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Proper Usage of ‘Week’s’ and ‘Weeks’

Proper Usage of ‘Week’s’ and ‘Weeks’

The English language is one of the most famous and common which is ranked as the most spoken language in the world. One of the common reasons why English is very common is because of the British Empire which lasted from 1600 till 1960.

British were the ones who introduced the Anglo Saxon Language (the ancestor of modern English) before 1100; later they made English the first official language in all colonies since then this language evolved and now is spoken all over the world. In the modern era, there are now two main types of English accents the UK accent and the USA accent.

During the evolution of the English language, many words were comprehended in the English dictionary. Many English words tend to be similar in terms of their spelling and pronunciation.

The words week’s and weeks are the perfect examples of what I have stated above. Although these words are pretty similar in terms of spelling and pronunciation, they are not the same.

The word weeks is a plural word for the week. Whereas, the word week’s is a possessive noun that demonstrates something related to that week.

This is just one difference between the words week and week’s. There is a lot to know, so stick with me till the end as I will be covering usage and the difference between the words week and week’s.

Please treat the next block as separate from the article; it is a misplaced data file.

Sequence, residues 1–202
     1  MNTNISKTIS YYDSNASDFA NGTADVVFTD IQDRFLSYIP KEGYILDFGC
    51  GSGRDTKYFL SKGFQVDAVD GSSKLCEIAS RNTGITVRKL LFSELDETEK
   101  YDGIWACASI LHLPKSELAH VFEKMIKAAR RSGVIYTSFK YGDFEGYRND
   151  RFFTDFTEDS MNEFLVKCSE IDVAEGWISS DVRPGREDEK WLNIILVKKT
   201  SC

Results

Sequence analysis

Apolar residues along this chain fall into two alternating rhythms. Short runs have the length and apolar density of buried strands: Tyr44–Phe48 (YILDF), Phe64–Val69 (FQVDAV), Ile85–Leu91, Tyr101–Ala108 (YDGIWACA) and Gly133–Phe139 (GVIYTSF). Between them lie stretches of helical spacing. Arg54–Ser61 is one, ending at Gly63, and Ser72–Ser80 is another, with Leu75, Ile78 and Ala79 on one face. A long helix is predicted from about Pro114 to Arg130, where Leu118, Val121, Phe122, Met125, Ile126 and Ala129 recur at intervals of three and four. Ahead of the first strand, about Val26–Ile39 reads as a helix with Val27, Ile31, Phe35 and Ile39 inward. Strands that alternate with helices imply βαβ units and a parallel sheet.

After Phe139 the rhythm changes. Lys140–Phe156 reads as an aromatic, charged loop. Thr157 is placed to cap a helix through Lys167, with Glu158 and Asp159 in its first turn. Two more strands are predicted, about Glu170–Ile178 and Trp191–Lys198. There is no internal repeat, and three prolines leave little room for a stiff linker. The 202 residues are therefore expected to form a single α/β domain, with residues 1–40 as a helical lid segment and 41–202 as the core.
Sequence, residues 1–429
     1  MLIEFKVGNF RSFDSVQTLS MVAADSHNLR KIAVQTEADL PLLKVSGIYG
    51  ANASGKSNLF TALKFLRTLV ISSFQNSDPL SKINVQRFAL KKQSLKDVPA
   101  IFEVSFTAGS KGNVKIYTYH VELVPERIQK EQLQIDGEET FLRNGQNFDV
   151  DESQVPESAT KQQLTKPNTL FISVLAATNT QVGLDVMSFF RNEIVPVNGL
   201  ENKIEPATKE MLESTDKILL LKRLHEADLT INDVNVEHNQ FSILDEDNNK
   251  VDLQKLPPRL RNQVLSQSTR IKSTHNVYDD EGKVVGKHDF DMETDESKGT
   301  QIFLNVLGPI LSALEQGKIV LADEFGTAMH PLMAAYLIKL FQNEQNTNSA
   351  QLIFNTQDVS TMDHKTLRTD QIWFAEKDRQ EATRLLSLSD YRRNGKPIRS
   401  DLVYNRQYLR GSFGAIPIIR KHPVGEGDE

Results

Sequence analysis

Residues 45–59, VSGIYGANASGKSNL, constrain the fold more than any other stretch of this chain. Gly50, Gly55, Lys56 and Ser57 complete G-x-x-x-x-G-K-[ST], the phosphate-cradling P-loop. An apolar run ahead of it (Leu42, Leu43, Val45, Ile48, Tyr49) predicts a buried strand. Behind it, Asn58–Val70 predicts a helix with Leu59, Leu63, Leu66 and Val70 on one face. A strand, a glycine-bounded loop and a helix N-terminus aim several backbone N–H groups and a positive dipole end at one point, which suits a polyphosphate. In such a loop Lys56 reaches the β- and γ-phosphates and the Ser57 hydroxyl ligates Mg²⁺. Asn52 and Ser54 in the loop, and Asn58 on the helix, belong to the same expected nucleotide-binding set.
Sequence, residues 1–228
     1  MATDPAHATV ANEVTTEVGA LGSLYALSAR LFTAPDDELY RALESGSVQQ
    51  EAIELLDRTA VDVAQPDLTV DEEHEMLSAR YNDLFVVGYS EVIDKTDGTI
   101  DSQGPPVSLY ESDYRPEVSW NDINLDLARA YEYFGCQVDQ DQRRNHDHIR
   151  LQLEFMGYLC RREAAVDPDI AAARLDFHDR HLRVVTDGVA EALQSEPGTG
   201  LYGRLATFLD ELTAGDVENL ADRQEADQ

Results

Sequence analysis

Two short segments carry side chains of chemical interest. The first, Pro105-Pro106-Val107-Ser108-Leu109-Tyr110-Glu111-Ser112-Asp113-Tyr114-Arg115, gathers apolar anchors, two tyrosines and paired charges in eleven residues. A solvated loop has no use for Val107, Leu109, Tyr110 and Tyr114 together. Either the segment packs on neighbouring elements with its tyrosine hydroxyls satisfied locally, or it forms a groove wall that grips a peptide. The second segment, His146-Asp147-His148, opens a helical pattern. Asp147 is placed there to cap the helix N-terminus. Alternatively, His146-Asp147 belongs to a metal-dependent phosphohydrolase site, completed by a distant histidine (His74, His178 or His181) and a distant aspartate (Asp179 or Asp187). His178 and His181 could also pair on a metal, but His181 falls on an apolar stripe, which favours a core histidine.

Weeks: Defining the term

The inside of a planner
Any pattern of seven consecutive days or days that follow each other is referred to as a week.

The plural form of the word week is referred to by the word weeks.

The week is known as a period of seven days that begins on Sunday and ends on Saturday. In some places, a week can be considered beginning on Monday and ending on Saturday.

Because the plural structure weeks already ends in – s, all we need to do to shape the possessive of this plural entity is add punctuation to the very end. It is not necessary to include another – s in this case.

How to pronounce the word weeks

Most of the words are pronounced differently in the US and UK accents but in this case, the word weeks is pronounced the same in both US and UK accents.

The word week is pronounced as /wiːk/ in both US and UK accents. The word weeks is pronounced the same as a week with ‘s’ at the ending.

The video below will help you to pronounce the word week which will give you a better understanding of how to pronounce the word weeks.

Video on how to pronounce the word ‘week’

How to use in weeks in a sentence

There are many ways the word weeks can be used in sentences. You must be well aware of only its correct pronunciation but must know its correct usage in sentences. Below are examples that will help you use the word weeks in your sentences.

  • “The city’s streets ally with people looking for enjoyment, and he took use of the large audience, casting 33 shows in three weeks.”
  • “It took five weeks for an important thaw to take consequences and remainders of the snow stood behind in the mountain ravines for 6 months.”
  • “They reached the game with some anxiety advancing a 6-1 mauling at the hands of the same team only two weeks earlier.”
  • “I spent many weeks writing third-person poetry about my reality, up to this point, and continue progressing in broad strokes into the future.”